As such, we’ve always said that we would never visit Walt Disney World in June, July, August, or September. After my last trip in May, we also ruled out May, as the heat was unbearable then. See what I mean about learning something on every vacation? Well, on this vacation, we learned to add April to the “do not travel to Orlando” list. The months available for trips are rapidly diminishing for us! We experienced record breaking temperatures, as the newscasters would gleefully tell us every morning, hardly what we needed to hear! It affected our whole trip, meaning we did tend to spend more time back in our room, and we accomplished less in the parks, which was a shame.

Our trip included the week running up to Easter, and we'd heard horror stories about the crowd levels at that time of the year. People had told us that it was worse than the crowds you see between Christmas and New Year, and those are pretty horrendous. However, if I'm honest, although there were big crowds, they were still manageable, particularly if you headed into the parks early, and left by, maybe, the early afternoon. We did learn quickly that the Magic Kingdom was chaotic, with, among other things, an extra parade added in. This meant that one day we visited, people had to be funnelled into the park via the backstage area, which was an interesting sight to see. However, we were surprised to find the park deserted on Easter Sunday morning, with crowds only building when it got to lunchtime. Would I go again over Easter? I think, weighing everything up, and provided it didn’t fall in late April, as it did in 2011, I probably would.

Something else I also learned, that I think in fairness I probably already knew, was that while resort-hopping can be fun, there can be such a thing as too much of a good thing! In two weeks on Disney property, we moved rooms five times, taking in four different resorts. It didn’t give us long enough to settle anywhere.

We also learned that two nights really isn't long enough to enjoy a single resort either. We spent two nights each at the Villas at the Wilderness Lodge and Bay Lake Tower, and it’s frustrating when you can’t get into your room until check-in at 4:00 pm (for Disney Vacation Club Members), and then after only one full day there, you’re leaving the next morning. I think any stay now needs to be a minimum of three nights for us to really spend some time in a resort.

Having learned from previous, somewhat bitter, experience (again, see what I mean about learning from every vacation?), this time we planned our meals around where we were staying. For example, when we were at the Wilderness Lodge, we ate one night at Artist Point, while our California Grill dinner was during our stay at Bay Lake Tower. It was certainly the most sensible thing to do, and something we’ll be doing again in the future. I’m just waiting to see what dates I can get into Animal Kingdom Lodge, and then you can be sure we’ll be dining there at one or maybe more of their restaurants during our stay.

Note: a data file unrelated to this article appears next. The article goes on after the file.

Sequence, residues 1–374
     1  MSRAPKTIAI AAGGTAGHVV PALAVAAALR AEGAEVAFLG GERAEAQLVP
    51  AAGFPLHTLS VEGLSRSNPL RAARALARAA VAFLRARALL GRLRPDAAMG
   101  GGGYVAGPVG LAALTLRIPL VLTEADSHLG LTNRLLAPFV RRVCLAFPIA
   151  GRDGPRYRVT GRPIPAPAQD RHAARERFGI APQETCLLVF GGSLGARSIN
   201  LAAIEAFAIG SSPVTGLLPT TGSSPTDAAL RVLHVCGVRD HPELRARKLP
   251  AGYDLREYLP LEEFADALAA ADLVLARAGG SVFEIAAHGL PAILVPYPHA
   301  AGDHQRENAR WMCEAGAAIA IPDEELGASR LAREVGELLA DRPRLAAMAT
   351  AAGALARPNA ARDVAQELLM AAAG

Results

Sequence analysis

Another thing I discovered during that trip was the best time to visit Downtown Disney. It’s not rocket science, and you can probably guess what I'm going to say here; first thing on a weekday morning. We were in the World of Disney Store just a few minutes after its opening, and it was lovely and quiet in there. It was a real pleasure wandering around the shops with so few people around.

For this vacation, we left our plans a little looser than previous Disney visits. To a certain extent that worked, as it gave us more freedom to decide what we wanted to do on the day, and it was nice not to be tied to plans all the time. However, we also found ourselves heading back to our favorite parks again and again, particularly Epcot, and ignored others as a result. Despite spending two weeks in Walt Disney World, we only managed to spend a total of about five or six hours in Disney's Hollywood Studios, a pretty pitiful performance. That’s something we definitely need to learn for our next vacation, to try and ensure that we’re a bit more even-handed with our park visits. I did leave Disney that time feeling that perhaps we should have given the Studios a bit more time, and done it more justice.

Well, as I'm currently planning our next Walt Disney World vacation, that's a lot of lessons to take on board, and learn for our next trip. I wonder what lessons will come from that? In the next article in this series, I’ll be looking at the lessons learned from our cruise on the Disney Dream.

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About the Author: Cheryl is the author of the e-book, PassPorter's Walt Disney World for British Holidaymakers, and is the co-author of PassPorter's Disney Vacation Club Guide: For Members and Members-To-Be. Cheryl and husband Mark live in England and love to travel, particularly to Disney, and they have travelled around the world, visiting every Disney theme park on the way.